Connect with us


Third excavation to start in search for Tulsa Race Massacre victims



The search for mass graves associated with the 1921 Tulsa Race Massacre will pick back up.

The third round of excavation efforts at Oaklawn Cemetery will be going on this week and this round was only confirmed to happen after some testing done this summer.

These efforts have been going on for a few years now, but Tuesday, September 5 marks the start of another step in the process.

Mayor G.T. Bynum and members of the 1921 graves physical investigation team will be briefing everyone today on what to expect this round.

READ MORE: Qantas' reputation is in the bin. What can its new CEO do?

What we know right now is that site preparation will start today and last a few days. Once the preparation of the site is complete, the full excavation will commence.

The decision to move forward with a third excavation came after test excavations were done this summer.

Those tests involved removing the top layers of soil east of the original excavation site at Oaklawn Cemetery.

During the first two rounds of excavation, the City of Tulsa said crews found 67 sets of remains.

Although, it's not clear whether any of those remains are victims of the race massacre.

Scientists exhumed many of those remains and took DNA in an effort to make that determination.

So far, 27 remains have been exhumed, with 22 analysed for DNA extraction.

What happened in the Tulsa Race Massacre?

Just over a century ago, in 1921, Tulsa's Greenwood District was a place where Black business leaders, homeowners, and civic leaders thrived.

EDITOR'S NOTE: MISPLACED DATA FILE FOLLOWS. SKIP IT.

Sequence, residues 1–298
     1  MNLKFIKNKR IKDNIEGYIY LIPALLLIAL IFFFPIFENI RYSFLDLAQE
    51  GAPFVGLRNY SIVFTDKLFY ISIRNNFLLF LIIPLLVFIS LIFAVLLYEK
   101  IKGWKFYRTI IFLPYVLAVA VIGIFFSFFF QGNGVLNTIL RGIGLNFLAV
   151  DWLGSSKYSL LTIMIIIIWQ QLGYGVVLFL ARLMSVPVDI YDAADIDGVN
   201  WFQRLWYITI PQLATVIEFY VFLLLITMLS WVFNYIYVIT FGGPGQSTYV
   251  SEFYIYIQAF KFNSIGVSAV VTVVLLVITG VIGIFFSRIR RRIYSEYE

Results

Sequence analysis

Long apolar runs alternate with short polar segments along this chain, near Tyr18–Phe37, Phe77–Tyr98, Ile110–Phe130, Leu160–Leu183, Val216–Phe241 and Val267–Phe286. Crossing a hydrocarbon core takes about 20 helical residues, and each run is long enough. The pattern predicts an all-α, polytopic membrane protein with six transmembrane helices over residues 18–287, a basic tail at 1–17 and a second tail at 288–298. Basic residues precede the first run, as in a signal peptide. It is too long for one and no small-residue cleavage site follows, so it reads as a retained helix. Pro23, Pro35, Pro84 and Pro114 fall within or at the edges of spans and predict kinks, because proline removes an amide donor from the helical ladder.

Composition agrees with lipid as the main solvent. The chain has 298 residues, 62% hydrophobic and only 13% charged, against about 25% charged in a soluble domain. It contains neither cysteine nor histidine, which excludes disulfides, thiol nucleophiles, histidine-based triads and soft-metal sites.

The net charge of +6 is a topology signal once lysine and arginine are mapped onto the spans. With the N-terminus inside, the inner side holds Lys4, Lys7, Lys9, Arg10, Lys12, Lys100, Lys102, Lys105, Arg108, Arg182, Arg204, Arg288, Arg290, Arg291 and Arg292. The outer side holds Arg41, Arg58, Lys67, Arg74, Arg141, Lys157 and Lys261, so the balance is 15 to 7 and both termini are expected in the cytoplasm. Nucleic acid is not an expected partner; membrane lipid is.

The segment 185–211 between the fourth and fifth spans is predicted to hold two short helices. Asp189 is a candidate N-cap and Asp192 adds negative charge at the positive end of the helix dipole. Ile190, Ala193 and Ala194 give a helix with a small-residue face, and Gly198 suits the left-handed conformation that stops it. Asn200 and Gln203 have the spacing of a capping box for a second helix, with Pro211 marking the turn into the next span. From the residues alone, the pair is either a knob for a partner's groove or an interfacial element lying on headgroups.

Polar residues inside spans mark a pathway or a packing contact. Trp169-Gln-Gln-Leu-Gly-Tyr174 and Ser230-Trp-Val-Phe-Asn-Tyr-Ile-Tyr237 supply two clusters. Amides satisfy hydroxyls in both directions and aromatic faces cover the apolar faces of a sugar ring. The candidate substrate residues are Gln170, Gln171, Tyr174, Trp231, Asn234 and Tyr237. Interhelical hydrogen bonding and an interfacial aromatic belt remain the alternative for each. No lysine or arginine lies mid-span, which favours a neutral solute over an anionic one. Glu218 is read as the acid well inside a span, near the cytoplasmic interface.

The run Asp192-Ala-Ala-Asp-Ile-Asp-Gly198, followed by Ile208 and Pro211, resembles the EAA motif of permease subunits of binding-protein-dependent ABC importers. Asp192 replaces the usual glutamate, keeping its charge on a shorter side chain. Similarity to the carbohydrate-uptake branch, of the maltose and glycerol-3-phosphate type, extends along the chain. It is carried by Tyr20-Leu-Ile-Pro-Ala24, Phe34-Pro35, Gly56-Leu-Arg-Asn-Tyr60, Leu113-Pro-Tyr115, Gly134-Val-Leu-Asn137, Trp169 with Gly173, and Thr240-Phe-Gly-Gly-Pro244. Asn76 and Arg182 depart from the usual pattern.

So much so that it was known as the "Black Wall Street".

But on May 31 of that year, a group of white people committed a horrific act of racial terrorism.

In this 1921 image provided by the Library of Congress, smoke billows over Tulsa, Oklahoma.

The white mob set fire to 1,200 homes, at least 60 businesses, dozens of churches, a school, a hospital and a public library, according to a report issued by Human Rights Watch.

An estimated 300 people were killed within the district.

'Healing and closure'

Members of the community say the excavation efforts are needed to bring healing and closure.

"It helps us to get a better understanding of and helps us get awareness from the community as well so people will come down and really truly get the history," said Cyndii Cosper, the manager of Black Wall Street Tees and Souvenirs, told 2 News in July.

Oaklawn Cemetery will be closed to the public during this excavation while crews work.

The goal for this round is to re-open and expand the test excavation site from this summer, extend the search in areas west and north of that test site, document makeshift markers found during testing, expose burials in the area and document them, and exhume individuals who fit selective criteria or who appear to be potential massacre victims.

Forensic analysis of exhumed remains will happen on site.

However, Oaklawn isn't the only place on the list of areas to search.

There are still three more sites identified for the city's examination: Newblock Park, an additional area near Newblock Park, and Rolling Oaks Memorial Gardens, formerly Booker T. Washington Cemetery.

The hope is this will eventually bring answers to families who have relatives among the Tulsa Race Massacre victims.

Once this round of excavation is finished, another briefing will be held to share the preliminary findings.

Source link